Tuesday, 11 December 2012

Tales from The Gambia (Part Three)

Well, here is the final instalment of my adventure!


On the Wednesday we went to Brikama, the second largest urban area in the country. Today was a demographics exercise, where we split into small groups and attempt to map the population of the town. Each group was given a different area of the town and instructed to visit different compounds, asking who lived there and what amenities there were.

Turns out everyone's definition of a compound is different! Number of inhabitants ranged from 4 to 30 people living in one compound. Some thought a compound was one building, whereas others a whole mini community.
We hopped on the bus and briefly visited the Brikama craft market. We were treated to a drum performance (even my lecturer Martin joined in) and a little dance!

I'm always up for a dance

In the afternoon we did get a little downtime... Our group joked that vacation hours were strictly between 4 and 6pm; two hours in the day which were geography-free!





Showcasing our beach volleyball skills...

Thursday was my final day of fieldwork. It was the most important day for my degree as we had an assessment based on our work over the day. Again, we were split into small groups and sent to different villages throughout the country. My group was dropped in Kimo, a village a few kilometres from the Senegalese/Casamance boarder. The Casamance region has faced numerous years of conflict in an attempt for independence from Senegal.

 St Joseph's gardening project

 Coundon Court, a local Cov football team donated 5 teams worth of football shirts

The school visit was so much fun! As the only white girl in my group, all these littlies were yelling "Toubab!!" (white person) at me; fighting to hold my hand, pulling at my hair, bracelets, clothes, anything they could get their hands on. It's a moment I'll never forget when 95 nursery school children came charging at me just to say hello!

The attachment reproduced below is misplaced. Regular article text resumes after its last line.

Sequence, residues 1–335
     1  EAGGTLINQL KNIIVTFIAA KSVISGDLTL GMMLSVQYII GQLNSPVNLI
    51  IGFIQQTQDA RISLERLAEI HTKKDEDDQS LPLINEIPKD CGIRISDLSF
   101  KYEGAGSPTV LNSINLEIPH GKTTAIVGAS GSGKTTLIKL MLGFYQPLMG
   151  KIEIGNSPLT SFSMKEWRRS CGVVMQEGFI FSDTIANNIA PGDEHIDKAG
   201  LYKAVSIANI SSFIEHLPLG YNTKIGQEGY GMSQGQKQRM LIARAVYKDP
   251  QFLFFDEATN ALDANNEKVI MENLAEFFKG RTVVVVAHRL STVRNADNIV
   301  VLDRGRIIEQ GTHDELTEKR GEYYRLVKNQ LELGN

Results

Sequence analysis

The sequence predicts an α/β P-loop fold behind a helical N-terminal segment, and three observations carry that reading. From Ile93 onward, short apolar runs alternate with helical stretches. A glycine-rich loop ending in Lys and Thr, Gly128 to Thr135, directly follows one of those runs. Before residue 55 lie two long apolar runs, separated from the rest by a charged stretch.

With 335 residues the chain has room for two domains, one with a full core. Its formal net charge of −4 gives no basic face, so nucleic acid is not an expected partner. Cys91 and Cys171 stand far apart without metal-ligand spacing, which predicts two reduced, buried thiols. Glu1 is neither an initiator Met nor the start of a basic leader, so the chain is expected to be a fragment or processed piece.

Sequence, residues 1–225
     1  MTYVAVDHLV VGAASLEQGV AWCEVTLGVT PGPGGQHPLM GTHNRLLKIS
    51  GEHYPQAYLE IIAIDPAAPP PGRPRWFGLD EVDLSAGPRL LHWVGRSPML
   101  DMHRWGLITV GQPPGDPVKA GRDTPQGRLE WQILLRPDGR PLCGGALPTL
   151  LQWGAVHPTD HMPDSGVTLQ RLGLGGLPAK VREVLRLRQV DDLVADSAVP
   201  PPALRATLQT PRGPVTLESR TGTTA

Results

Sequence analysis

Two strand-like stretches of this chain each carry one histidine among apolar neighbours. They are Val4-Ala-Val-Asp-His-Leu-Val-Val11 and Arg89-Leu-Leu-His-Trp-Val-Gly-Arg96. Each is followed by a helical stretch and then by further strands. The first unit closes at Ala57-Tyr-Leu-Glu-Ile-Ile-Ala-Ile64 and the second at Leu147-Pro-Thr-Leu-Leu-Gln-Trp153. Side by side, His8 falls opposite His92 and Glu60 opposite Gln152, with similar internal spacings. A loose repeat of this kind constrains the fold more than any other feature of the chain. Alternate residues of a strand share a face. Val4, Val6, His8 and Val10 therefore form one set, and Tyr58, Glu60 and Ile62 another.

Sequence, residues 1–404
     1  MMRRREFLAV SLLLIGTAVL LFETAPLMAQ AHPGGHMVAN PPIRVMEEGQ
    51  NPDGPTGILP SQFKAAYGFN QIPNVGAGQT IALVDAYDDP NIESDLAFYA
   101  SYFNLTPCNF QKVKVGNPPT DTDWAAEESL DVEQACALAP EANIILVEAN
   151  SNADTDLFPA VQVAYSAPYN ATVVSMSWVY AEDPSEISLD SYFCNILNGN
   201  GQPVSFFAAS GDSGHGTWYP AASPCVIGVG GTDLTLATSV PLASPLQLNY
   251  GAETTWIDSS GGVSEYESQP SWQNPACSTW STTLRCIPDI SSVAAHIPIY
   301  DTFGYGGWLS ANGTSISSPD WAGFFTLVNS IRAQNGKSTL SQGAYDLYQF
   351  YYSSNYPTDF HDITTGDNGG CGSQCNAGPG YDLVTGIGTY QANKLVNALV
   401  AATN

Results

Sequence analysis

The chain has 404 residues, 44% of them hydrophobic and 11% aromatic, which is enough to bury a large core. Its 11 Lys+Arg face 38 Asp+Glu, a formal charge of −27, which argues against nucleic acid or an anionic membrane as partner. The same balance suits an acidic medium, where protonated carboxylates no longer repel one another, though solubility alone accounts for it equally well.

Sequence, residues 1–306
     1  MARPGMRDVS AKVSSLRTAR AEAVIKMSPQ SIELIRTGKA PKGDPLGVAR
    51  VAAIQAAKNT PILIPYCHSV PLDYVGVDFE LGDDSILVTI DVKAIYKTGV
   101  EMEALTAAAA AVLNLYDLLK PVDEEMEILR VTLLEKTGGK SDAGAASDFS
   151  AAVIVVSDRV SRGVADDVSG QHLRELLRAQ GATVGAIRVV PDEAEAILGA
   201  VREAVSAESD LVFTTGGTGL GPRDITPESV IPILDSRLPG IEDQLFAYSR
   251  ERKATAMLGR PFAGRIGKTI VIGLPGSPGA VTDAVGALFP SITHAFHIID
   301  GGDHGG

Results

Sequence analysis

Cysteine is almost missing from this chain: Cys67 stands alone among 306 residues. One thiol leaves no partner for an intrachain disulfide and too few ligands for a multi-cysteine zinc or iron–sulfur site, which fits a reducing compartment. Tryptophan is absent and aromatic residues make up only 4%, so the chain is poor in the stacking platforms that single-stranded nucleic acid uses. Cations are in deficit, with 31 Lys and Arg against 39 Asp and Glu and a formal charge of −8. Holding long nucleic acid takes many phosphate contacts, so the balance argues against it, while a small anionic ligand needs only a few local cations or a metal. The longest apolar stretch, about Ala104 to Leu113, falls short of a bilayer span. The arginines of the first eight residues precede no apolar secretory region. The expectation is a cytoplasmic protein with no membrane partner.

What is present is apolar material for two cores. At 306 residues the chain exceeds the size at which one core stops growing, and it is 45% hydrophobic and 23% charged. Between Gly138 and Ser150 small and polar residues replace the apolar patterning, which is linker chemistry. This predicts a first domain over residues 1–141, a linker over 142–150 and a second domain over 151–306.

This parrot was a pet!! He was so tame.

The brief of the day was pretty broad. Our presentation guidelines were to research the village in any way we liked and then to present a project idea which an NGO (charity) could develop to aid in the development of the village. We designed our project around a previously failed women's garden initiative which had failed because of a lack of sufficient fencing and a reliable water supply.

When the hard work was finally done, we managed to squeeze one proper night out in The Gambia (lecturers and all...)

We never found out what was so hilarious... 
 On a more materialistic level - my dress was £4 from Coventry's Cancer Research and was originally Monsoon!

All in all, my time in The Gambia was simply amazing. It was much more than I expected it to be and was so inspiring. It's made me want to graduate and get out there and start working on local projects and making a difference to communities out there!

Congratulations if you made it this far, I know it was a lengthy post!

3 comments:

Jo said...

I know I've said it before but I am so so jealous, it looks fab and actually really interesting too. Makes me wish I did a more practical degree rather than just read books all my life and become boring haha (: xx

EilidhPie said...

I can see why you want to hurry up and graduate - your trip looks like it was amazing! Such a brilliant thing to be a part of! Your Gambia posts have been so interesting; thanks for sharing! Xo

Vix said...

It looks utterly brilliant! Love the cheeky monkies! xxx